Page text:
Sgt. Victor Pederson enlisted in the Army a little over a year before the United States entered World War II. He served in the 41st Infantry Division, a unit activated from the National Guard divisions of Washington, Oregon, Idaho, Wyoming, and Montana. When the United States entered World War II, Pederson and the 41st deployed to the Pacific theater.
Pederson was born in Vashon Island, Washington on July 22, 1918 to Norwegian immigrants. He graduated from Vashon Island High School and began working for a paint and varnish company. In September 1940, Pedersen enlisted in the Army. One year later, on September 24, 1941 he married Maxine Staab in Seattle, Washington.
Shortly after their marriage, Pederson was called to war. He served in the Pacific theater of World War II for 2 years with the 146th Field Artillery Battalion. On May 2, 1944, he was killed in the Battle of Hollandia during the Papuan Campaign. He was 25 years old.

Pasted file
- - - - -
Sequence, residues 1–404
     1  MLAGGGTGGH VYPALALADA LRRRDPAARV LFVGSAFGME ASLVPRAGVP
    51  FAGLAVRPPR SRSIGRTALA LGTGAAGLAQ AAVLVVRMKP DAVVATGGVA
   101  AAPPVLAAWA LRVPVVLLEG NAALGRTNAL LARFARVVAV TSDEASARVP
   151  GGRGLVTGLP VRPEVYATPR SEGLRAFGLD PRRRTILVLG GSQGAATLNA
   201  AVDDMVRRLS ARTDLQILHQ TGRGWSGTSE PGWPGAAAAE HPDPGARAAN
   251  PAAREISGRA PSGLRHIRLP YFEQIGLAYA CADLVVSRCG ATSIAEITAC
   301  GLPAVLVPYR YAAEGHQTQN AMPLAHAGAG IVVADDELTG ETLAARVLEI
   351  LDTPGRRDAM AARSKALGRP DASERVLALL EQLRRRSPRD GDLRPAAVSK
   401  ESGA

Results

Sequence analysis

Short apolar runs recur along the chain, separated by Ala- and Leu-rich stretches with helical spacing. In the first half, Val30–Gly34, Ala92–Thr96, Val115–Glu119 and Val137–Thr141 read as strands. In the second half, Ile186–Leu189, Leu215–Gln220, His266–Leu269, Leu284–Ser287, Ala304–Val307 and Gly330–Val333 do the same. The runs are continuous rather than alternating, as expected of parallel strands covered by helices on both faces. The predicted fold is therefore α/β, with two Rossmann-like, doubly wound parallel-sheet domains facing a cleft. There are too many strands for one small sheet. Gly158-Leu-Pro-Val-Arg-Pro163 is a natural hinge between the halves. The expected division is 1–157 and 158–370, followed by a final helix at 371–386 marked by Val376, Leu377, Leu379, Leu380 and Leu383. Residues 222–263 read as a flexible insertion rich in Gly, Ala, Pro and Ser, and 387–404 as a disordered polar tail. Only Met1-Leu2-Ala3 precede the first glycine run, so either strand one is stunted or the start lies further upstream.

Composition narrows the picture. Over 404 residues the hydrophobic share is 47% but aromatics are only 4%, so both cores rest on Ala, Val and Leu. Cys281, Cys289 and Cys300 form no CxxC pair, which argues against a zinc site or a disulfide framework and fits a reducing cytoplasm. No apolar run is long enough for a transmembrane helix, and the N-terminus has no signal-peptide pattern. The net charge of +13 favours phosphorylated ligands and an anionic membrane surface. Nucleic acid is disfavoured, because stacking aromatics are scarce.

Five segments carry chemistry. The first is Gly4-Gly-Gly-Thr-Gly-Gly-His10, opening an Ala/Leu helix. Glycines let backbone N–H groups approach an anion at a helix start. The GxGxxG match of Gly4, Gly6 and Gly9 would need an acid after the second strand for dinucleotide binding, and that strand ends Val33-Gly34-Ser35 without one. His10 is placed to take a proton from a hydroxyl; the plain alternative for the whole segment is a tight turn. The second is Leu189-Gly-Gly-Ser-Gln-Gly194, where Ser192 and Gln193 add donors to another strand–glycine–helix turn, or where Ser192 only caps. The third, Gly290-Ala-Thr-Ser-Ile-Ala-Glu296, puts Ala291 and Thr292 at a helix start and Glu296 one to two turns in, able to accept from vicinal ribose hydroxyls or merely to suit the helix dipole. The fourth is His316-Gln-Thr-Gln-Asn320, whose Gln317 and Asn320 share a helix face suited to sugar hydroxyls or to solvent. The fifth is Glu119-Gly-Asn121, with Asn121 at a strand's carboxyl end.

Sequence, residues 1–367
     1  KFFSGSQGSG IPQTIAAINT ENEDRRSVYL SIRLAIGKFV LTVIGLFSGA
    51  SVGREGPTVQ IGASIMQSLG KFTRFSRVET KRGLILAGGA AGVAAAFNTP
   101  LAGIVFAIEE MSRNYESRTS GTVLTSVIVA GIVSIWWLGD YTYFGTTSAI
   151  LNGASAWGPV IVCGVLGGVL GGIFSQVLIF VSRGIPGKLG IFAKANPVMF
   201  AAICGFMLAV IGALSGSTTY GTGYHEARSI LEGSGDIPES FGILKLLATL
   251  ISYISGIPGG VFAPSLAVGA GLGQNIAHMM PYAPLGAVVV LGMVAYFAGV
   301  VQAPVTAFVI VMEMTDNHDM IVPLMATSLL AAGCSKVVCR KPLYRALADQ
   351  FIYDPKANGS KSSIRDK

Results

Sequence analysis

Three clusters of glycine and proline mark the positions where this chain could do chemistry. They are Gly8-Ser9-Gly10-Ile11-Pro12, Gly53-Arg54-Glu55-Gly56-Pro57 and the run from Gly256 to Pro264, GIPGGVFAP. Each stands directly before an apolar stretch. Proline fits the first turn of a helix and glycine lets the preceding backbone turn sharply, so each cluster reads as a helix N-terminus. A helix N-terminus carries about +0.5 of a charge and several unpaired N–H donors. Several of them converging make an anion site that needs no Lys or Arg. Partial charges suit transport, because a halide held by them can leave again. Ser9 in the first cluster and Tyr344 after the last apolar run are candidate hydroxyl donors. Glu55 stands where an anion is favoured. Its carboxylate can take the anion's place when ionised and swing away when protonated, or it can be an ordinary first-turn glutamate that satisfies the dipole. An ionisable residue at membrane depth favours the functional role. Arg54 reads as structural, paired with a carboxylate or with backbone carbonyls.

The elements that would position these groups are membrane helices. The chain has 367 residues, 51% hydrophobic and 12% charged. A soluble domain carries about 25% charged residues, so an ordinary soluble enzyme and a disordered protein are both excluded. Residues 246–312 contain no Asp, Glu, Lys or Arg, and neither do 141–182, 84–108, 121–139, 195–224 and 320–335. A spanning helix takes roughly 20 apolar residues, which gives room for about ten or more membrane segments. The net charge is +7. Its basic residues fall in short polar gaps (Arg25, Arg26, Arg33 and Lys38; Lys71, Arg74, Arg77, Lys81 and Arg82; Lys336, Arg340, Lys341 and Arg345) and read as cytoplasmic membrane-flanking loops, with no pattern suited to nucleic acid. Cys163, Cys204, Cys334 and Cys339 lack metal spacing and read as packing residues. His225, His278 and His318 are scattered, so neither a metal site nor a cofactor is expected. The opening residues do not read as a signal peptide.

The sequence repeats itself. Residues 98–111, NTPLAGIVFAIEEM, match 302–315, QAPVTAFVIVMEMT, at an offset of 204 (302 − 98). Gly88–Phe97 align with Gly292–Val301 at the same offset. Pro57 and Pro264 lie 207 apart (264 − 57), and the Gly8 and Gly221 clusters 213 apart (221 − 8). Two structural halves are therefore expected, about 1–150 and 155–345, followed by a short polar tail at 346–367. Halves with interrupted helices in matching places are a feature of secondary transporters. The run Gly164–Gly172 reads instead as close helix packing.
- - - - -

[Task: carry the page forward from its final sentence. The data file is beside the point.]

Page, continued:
Pedersen’s brothers also served in the military during World War II. Both of his younger brothers, Clarence and Allen Pedersen, served in the Navy during the war. On May 3, 1945, just one day after the first anniversary of Sgt. Pederson’s death, his brother, 22-year-old Allen Pedersen, was killed when his ship was sunk off the coast of Okinawa, Japan.
The Pedersen family memorialized both Victor and Allen on the same day in July 1945. However, their remains did not return to the United States until 1949. Both brothers are now interred at Golden Gate National Cemetery.
Their stories are less known than the story of the Veteran who rests next to them. Beside the Pedersen brothers lies Fleet Admiral Chester W. Nimitz, the commander of the U.S. Pacific Fleet during World War II.
Though one Veteran is more widely known, they are all honored the same. The service of Sergeant Victor Pedersen, Machinist’s Mate 2nd Class Allen Pedersen, and Admiral Chester Nimitz is recognized equally in Golden Gate National Cemetery. They rest side by side among thousands of other men and women who served their country.
We honor their service, ensure that their memory never fades and that their legacy never dies.